SCOTUS to Hear Credit Card Surcharge Case

The U.S. Supreme Court on Sept. 29 agreed to hear arguments from a group of New York merchants who want the right to impose surcharges on purchases made with credit cards. The outcome of the case could have an effect on laws in 10 states that restrict such surcharges.

The Supreme Court granted a writ of certiorari the merchants filed in May 2016, after a lower court upheld laws banning such surcharges—which the retailers say are necessary to offset swipe fees imposed by payment networks.

The group of five merchants—which includes a Brooklyn ice cream parlor and a hair salon near Binghamton—claimed in its petition to the Supreme Court that banning surcharges is a violation of the First Amendment’s free speech protections. Although all states allow merchants to charge a higher price to customers who pay by credit cards, 10 states have laws that govern how those price differences can be communicated. New York law allows merchants to offer a discount for cash payments, but makes it a crime—punishable by up to one year in prison—to impose surcharges on credit card purchases. “Liability thus turns on the words used to describe identical conduct—nothing else,” the merchants argued in the writ.

The New York case dates back to 2013, when the retailers challenged the law in U.S. District Court. U.S. District Court Judge Jed Rakoff ruled in the merchants’ favor, agreeing that the surcharge ban prohibited free speech. New York state, however, appealed and, in September 2015, an appellate panel reversed the decision. That led the retailers to petition the U.S. Supreme Court to hear the case. The Court said it will hear the arguments in the case during its upcoming term, which begins Oct. 3 and ends in June 2017.

Merchants in other states also have argued that surcharge bans violate the First Amendment’s free speech protections, but the New York case is the first to reach the nation’s highest court. In 2015, merchants in Florida successfully used a free speech claim to strike down that state’s ban on surcharges—a decision that echoed a similar ruling in California. A Texas appellate court upheld that state’s surcharge prohibition in March 2016. The merchant plaintiffs in the Texas case also filed an appeal to the Supreme Court, but the court has yet to decide if it will hear that case.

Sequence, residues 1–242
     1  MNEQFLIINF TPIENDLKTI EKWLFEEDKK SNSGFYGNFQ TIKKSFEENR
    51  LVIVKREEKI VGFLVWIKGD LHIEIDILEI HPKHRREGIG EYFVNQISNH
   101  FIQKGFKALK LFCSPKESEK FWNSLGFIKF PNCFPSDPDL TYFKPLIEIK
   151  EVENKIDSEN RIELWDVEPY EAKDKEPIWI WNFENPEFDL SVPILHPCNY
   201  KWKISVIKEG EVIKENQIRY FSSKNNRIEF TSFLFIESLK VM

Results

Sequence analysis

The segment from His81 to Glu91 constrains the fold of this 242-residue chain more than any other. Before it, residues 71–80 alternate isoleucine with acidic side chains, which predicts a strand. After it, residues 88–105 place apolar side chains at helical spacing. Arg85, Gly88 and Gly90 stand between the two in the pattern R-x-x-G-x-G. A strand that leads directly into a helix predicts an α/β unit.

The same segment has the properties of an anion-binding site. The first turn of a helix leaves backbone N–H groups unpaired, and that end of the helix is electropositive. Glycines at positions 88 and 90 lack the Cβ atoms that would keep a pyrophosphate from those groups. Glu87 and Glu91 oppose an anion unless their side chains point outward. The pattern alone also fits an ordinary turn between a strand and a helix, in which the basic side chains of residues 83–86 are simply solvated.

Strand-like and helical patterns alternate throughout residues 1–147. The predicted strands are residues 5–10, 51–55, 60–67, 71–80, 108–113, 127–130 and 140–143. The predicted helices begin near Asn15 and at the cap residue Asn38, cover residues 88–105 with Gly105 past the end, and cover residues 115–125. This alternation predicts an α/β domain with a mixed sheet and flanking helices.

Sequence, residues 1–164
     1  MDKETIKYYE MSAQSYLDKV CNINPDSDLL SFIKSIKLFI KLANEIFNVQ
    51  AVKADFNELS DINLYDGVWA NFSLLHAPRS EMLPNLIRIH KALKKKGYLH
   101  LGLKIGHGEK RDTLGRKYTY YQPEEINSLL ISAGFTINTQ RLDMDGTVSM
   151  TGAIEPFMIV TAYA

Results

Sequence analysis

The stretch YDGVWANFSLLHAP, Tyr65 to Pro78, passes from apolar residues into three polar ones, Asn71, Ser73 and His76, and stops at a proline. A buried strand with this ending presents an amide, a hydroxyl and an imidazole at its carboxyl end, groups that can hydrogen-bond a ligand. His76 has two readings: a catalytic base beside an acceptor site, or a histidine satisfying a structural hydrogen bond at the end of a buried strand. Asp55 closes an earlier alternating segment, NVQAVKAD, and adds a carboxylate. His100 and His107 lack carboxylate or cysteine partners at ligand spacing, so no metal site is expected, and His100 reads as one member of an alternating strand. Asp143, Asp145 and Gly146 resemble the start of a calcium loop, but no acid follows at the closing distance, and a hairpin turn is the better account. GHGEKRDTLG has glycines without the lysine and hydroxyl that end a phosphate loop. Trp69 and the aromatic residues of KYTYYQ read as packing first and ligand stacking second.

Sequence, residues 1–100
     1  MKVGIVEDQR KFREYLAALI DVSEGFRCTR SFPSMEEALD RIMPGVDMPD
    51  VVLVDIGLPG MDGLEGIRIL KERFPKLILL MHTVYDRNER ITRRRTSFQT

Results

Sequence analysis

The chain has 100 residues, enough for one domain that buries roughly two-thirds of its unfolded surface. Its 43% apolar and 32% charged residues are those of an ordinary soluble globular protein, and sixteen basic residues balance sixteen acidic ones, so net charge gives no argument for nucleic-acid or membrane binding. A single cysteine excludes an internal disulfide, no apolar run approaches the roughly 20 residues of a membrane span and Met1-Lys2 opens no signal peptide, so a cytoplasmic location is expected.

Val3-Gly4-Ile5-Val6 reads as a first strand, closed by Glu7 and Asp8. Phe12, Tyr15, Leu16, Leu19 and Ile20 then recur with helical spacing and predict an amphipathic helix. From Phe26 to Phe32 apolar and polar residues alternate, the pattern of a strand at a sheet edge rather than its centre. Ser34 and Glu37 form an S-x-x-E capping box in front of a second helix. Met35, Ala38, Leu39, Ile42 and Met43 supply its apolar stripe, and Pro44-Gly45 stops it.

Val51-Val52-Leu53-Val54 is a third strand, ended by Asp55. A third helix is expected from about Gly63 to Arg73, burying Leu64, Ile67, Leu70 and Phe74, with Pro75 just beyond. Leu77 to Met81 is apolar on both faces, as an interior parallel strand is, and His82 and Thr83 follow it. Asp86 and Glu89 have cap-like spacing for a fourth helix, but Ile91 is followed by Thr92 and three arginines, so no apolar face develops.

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Image Credits: Blake Everett

Green Dot’s Secured Credit Card to Help Credit-Challenged Consumers

To help consumers build a credit history or improve their existing credit scores, Green Dot Corp. launched Sept. 29 the Green Dot Platinum Visa Secured Credit Card. Being a secured credit card, the credit line is backed by the cardholder’s security deposit held with Green Dot Bank. Because Green Dot reports customers’ payment history to the three major credit bureaus, customers can eventually improve their credit history with responsible card use. The card program also enables consumers to pre-qualify without impacting their credit score and it offers free online account management.

Consumers fill out a short application to see if they’re approved for the card. If approved, Green Dot will inform the consumer what their maximum credit limit is, up to $1,000, and the card is mailed to their home. Cardholders can fund their security deposit with cash at any of Green Dot’s thousands of locations, including Walmart, 7-Eleven, Walgreens, CVS and Dollar General stores. The minimum deposit is $200 and the cardholder’s credit limit is equal to the amount of the deposit. Customers can make their monthly payments at a retail location or using Green Dot’s free online bill pay. The card has an annual fee of $39 and 19.99 percent APR.

“The secured credit card is one of the best tools on the market to help the 100 million credit-challenged Americans build or improve their credit score, which is a critical component of financial health,” John Thompson, senior vice president at the Center for Financial Services Innovation (CFSI), tells Paybefore. “In particular, Green Dot’s new secured credit card appears to address one of the biggest challenges for secured card adoption—funding the security deposit. By offering an affordable minimum balance of $200 and allowing consumers to fund the deposit with cash or check, this product may help more financially struggling consumers to start improving their credit scores and improving their financial health.”

The new Green Dot card isn’t the first time a prepaid card provider has tried to bridge the gap between GPR prepaid card usage and establishing or improving credit scores for consumers. For example, in 2014, the U.S. Treasury and Banking Up, a New York City-based GPR card provider formerly known as Plastyc, began working on an ongoing project to help determine whether providing consumers with a prepaid card and a secured credit card can improve their access to consumer credit. Also, Suze Orman, the television advocate for personal financial responsibility, helped create the now-defunct The Approved Card, a Mastercard-branded GPR prepaid card. Orman had been working with credit bureaus to determine whether cardholder behavior on the Approved Card could help consumers build credit.